Amazon’s $50 million deal for streaming rights to 10 Thursday Night Football games this season showed off the advantages of their multiple potential revenue streams, but it might look even better now, according to one analyst’s projections. Amazon’s bid was five times the $10 million Twitter reportedly paid for the same package last year, but Barclays analyst Kannan Venkateshwar told Broadcasting and Cable that Twitter wound up making major money on that deal:
Venkateshwar says Twitter generated about $50 million in gross revenue from its deal with the NFL last season, earning $15 million gross profit and $7 million in earnings before interest, taxes, depreciation and amortization.
It’s impressive that Twitter is estimated to have made that much, considering that this was for streaming rights to games that were still televised (these 10 games were still shown on CBS or NBC, as well as NFL Network) and that the only individual ad spots they could sell themselves were the local ones. The larger thrust of that story is that Venkateshwar thinks Amazon might not even do that, instead using those ad spots to promote other Amazon streaming series. And that fits into his bigger point about why Amazon has major advantages against other streaming players; as we discussed earlier, they can make money in a whole lot of ways (Prime subscriptions, data collection and product targeting, advertising and more). Those revenue sources mean Venkateshwar thinks they’ll have a major impact on the streaming space:
“While on one level, Amazon’s entry is just a continuation of the present arrangement albeit with a different company in the mix, we believe Amazon has the potential to be a major disruptor long term relative to other OTT entrants,” Venkateshwar said.
“Amazon is one of the biggest and most diversified aggregation platforms with much deeper insights on individual consumers given its shopping platform,” he said. “In this environment, adding football or other live events over time should allow Amazon to not only drive up engagement across other services, it could over time help enable a bootstrapping process to replicate the broadcast flywheel, potentially with much bigger monetization potential.”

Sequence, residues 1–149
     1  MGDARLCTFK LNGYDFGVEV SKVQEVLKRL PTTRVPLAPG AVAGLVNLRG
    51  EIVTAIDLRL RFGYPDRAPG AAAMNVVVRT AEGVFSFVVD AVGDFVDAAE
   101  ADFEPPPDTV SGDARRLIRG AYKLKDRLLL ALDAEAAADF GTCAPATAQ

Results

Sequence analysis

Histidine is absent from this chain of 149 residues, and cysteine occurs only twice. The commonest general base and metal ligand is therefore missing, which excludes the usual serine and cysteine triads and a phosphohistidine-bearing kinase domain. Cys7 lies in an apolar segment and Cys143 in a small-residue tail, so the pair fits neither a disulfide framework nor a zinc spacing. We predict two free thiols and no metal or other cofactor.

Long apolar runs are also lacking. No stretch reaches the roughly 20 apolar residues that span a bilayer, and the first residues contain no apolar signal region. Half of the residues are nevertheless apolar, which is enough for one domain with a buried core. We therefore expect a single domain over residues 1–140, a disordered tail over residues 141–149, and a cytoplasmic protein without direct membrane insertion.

That’s a lot of lingo, but the point is very valid. Amazon knows a lot about its customers (what they browse for, what they buy, what they watch, where they live, what credit cards they use, and more), and broadcasting high-demand events like the NFL will help them gain even more insights. Amazon also has plenty of data to work with on who its Prime users are, which may help them in selling ads on these NFL broadcasts if they do want to go that route. And big-ticket sports like the NFL will probably help them gain even more Prime customers, who they can then sell other things. Amazon’s entry into this realm in a major way makes it much tougher for companies like Twitter that are relying more on just advertising revenue, and while that advertising revenue can be significant (as Venkateshwar’s estimates show), Amazon’s playing a much bigger game. It will be fascinating to see how their push into streaming goes, and how it affects other players like Twitter.